I’m Black and gay and to this day I have never fully seen myself in comics. There are so few examples of Black gay men that to even say I have little to choose from is a vast understatement. However, this reality has never dissuaded me from comics. In fact, I did find a way to forge emotional connections with powerful characters. These fictional people tend to be women.
The first comics I deliberately brought into my collection were from Perez and Wolfman’s run of The New Teen Titans, a fondness I’d developed through the Teen Titans animated series. While there was a wonderful cast of characters who had formed a family, I connected most with Wonder Girl, Donna Troy, and the semi-demonic Raven. They exemplified two parts of an emotional experience: Donna’s maturity, skill, and compassion along with Raven’s empathy and reservation. These two characters in particular inspired me to explore the experience of confidence and bravery with the recognition of feeling isolated from others. Through these women, I could process through my own feelings of being a teenager who had recently come out as gay, as well as someone who felt the desire to be courageous while exploring genuine feelings of separation from my peers. I saw something of myself in both off them which helped me pass the time but later reflected my desire to exist beyond the borders of gender set before me as a Black gay man.
After I discovered my love for comics around 16 years old, I would continue a now twelve-year journey into various mythos and fictional lives that would leave invisible yet indelible marks on my heart. While my first contact with superheroes was through cartoons and my first Kyle Rayner Green Lantern comic, I would come to find that the most important characters to me were women. My first tattoo was Jean Grey’s Phoenix sigil, and my next would be Carol Danvers’ iconic star, symbols which remind me of my own tenacity and power. Through the years, I realized that I could form more intense and significant emotional bonds with women in comics, a reality that helped me cope and embrace parts of myself I didn’t always feel society would.
Finding myself and my journey through women in comics was not because I had little else. This process just seemed to happen, appearing to fall into my lap. While I’m sure there are some other psychological things to unpack, I am nonetheless grateful for the slew of women who I’ve incorporated into my emotional repertoire because they helped me form a conception of myself that felt unlimited. Embracing women in comics, whether in cape stories or other genres, meant that I got to experience power through femininity, but also a masculinity that gave me freedom to explore who I am. I realized eventually that my own gender can be presented in a variety of ways that do not have to fit the portrayal of men in comics. Being able to access parts of myself through women in comics was as curative as it was affirming.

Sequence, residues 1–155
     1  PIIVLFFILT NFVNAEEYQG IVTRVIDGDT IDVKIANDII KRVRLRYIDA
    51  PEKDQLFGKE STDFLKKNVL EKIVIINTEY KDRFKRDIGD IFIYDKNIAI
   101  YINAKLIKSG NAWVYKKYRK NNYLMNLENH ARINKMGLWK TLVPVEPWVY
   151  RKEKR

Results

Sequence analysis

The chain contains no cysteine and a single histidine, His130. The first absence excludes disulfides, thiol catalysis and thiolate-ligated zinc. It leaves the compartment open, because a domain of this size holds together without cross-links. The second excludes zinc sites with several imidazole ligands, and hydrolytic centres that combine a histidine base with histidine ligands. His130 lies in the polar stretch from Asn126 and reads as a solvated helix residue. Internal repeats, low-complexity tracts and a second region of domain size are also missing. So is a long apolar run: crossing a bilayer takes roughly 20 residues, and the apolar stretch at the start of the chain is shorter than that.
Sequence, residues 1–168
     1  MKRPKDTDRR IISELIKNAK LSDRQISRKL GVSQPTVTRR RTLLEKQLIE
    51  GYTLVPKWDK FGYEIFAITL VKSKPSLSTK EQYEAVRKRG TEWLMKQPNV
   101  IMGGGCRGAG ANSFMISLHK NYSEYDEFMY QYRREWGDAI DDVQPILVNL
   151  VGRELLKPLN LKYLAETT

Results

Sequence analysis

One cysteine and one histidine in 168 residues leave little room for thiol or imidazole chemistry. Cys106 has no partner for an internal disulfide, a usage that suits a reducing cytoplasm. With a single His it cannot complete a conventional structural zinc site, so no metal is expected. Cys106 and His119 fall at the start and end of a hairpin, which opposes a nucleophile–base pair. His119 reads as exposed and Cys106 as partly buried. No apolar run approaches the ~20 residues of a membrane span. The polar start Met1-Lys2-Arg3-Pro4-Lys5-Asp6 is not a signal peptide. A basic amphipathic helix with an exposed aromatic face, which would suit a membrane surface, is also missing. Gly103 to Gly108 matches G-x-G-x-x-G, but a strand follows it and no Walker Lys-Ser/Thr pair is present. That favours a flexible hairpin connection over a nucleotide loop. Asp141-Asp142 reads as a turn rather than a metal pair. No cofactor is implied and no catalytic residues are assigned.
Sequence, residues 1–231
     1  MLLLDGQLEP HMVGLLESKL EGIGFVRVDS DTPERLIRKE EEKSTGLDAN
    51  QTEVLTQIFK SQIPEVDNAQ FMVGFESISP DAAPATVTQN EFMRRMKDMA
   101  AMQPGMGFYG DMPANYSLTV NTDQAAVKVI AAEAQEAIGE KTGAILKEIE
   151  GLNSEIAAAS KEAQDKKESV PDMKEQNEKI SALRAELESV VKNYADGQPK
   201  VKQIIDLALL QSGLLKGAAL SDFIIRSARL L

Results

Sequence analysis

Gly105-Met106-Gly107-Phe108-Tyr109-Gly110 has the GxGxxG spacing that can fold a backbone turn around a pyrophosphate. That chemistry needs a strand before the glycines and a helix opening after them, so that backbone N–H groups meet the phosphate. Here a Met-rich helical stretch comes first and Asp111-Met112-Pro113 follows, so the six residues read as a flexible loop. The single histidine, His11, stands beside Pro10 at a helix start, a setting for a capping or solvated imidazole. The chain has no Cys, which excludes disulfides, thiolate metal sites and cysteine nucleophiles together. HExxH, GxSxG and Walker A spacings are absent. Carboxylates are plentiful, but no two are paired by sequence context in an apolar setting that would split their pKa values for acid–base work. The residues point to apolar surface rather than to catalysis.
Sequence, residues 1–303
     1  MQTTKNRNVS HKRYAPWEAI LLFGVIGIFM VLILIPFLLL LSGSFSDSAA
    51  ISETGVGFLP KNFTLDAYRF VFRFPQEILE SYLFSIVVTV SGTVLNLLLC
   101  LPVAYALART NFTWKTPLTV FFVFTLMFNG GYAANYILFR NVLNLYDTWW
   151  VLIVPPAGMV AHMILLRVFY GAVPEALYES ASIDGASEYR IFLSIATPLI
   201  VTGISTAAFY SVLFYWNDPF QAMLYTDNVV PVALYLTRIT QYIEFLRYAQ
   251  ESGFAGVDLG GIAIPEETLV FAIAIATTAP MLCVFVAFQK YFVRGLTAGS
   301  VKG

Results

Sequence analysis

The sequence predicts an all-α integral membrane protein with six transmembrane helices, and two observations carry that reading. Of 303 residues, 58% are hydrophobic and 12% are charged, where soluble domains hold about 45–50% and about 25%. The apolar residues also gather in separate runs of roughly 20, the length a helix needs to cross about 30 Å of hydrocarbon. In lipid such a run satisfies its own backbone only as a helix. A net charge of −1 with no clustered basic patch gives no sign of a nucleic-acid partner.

I’m grateful for my experiences in creating emotional bonds with women because they help to elucidate parts of myself that have long remained hidden. Gender for me is not clear cut and I’m not sure it ever was. So, drawing on the power of Carol Danvers, Jean Grey, or Monica Rambeau helps me to change some of the ways I approach myself, giving me a home to say, “I don’t have to take what the world gives me, and these narrow definitions of myself can be expanded.” I see myself in Carol when faced with assuming my own potential and how I manage my own stressors and issues. Monica is my avatar of adjusting to change and refusing to fade to the background. And Jean is my ever constant reminder that rebirth is possible, that some of my own strength lies in compassion and growth. These women, and others, have helped me process through many difficult times and will forever remain in my heart and rather literally on my skin.
Finding myself in people who don’t look like me helped me realize that “me” is composed of many things I am still realizing as I get older. Fictional women have had their role in my journey of understanding myself, what it means to be comfortable, and that power does not have to come from masculinity, as I was taught through much of my life. I’ve enjoyed having the chance to see myself beyond the narrow and restrictive boundaries of the gender binary, and as I learn more about myself I recognize that the sky is the limit. Women have shaped me to varying degrees in so many ways, and comics are no exception. Whether with the flames of the Phoenix or the energy of half-Kree physiology, women in comics showed me not just their own power and the importance of challenging masculine-coded power and strength. They also revealed to me that I am not so easily packaged into boxes designated at birth.